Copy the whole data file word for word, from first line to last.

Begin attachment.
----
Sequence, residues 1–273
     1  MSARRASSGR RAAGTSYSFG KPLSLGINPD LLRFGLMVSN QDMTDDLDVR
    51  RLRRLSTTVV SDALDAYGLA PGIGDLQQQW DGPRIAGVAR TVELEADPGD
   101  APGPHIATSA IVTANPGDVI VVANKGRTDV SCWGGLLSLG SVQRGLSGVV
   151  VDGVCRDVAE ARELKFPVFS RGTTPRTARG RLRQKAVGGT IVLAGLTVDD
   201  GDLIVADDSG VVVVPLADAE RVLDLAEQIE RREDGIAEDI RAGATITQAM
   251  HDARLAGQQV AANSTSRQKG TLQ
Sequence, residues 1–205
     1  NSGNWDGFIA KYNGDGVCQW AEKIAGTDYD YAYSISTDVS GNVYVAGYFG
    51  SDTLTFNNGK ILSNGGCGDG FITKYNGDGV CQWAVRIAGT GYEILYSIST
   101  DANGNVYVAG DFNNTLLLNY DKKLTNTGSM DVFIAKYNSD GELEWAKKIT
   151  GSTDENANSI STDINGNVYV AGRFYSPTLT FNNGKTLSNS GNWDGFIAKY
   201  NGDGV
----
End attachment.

Sequence, residues 1–273
     1  MSARRASSGR RAAGTSYSFG KPLSLGINPD LLRFGLMVSN QDMTDDLDVR
    51  RLRRLSTTVV SDALDAYGLA PGIGDLQQQW DGPRIAGVAR TVELEADPGD
   101  APGPHIATSA IVTANPGDVI VVANKGRTDV SCWGGLLSLG SVQRGLSGVV
   151  VDGVCRDVAE ARELKFPVFS RGTTPRTARG RLRQKAVGGT IVLAGLTVDD
   201  GDLIVADDSG VVVVPLADAE RVLDLAEQIE RREDGIAEDI RAGATITQAM
   251  HDARLAGQQV AANSTSRQKG TLQ
Sequence, residues 1–205
     1  NSGNWDGFIA KYNGDGVCQW AEKIAGTDYD YAYSISTDVS GNVYVAGYFG
    51  SDTLTFNNGK ILSNGGCGDG FITKYNGDGV CQWAVRIAGT GYEILYSIST
   101  DANGNVYVAG DFNNTLLLNY DKKLTNTGSM DVFIAKYNSD GELEWAKKIT
   151  GSTDENANSI STDINGNVYV AGRFYSPTLT FNNGKTLSNS GNWDGFIAKY
   201  NGDGV